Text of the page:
I just re-read the February 8, 1984 Queens County, New York Grand Jury statement of findings in the the so-called "purple dots" case. 49(6) Conn. Med. 367. In the early 1980s, there was no mechanism in New York for DNR orders. But there were patients for whom CPR was clearly inappropriate. Having no "green light" (aka legal uncertainty) to provide the medicine that they thought right, some physicians made patients DNR secretly. They ever documented the orders in writing, but rather through secret codes such as purple dot stickers.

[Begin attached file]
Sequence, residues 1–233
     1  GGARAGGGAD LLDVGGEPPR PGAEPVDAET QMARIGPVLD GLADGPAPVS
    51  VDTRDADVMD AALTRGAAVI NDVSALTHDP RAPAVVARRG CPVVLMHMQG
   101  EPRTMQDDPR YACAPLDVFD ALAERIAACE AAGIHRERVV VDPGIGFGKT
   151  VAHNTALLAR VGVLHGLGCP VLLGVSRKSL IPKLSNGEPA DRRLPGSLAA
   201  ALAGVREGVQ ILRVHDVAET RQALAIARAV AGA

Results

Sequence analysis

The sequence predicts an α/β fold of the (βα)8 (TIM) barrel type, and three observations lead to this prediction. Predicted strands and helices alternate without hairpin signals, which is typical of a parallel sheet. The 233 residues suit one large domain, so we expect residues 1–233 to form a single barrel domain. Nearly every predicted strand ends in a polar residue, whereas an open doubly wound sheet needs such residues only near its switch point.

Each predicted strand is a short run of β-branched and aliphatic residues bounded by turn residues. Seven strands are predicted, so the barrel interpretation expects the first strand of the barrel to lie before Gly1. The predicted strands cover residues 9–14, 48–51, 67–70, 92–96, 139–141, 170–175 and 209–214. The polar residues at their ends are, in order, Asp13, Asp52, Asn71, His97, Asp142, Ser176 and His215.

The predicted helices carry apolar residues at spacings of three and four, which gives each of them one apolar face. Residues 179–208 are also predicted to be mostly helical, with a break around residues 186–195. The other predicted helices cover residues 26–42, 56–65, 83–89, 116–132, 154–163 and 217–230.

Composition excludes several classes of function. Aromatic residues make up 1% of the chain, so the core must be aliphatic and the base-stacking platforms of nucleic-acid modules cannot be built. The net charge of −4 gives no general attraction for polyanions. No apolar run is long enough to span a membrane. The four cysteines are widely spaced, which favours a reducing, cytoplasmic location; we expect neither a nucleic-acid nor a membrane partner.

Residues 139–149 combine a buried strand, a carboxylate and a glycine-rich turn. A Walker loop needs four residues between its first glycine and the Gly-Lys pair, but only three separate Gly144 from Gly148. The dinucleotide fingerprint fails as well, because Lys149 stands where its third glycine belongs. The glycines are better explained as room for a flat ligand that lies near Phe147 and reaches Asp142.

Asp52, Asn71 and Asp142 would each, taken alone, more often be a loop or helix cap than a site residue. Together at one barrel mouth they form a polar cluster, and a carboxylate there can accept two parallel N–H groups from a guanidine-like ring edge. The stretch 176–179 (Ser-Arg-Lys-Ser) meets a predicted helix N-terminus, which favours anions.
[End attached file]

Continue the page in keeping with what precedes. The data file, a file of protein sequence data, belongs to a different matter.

What I had not caught before was that the this approach was pushed primarily by the lawyers. Ultimately, the Grand Jury sympathized with the physician's dilemma (good medicine = legal risk). But it still felt that an entirely non-transparent process created too many risks of corruption, carelessness, and bias.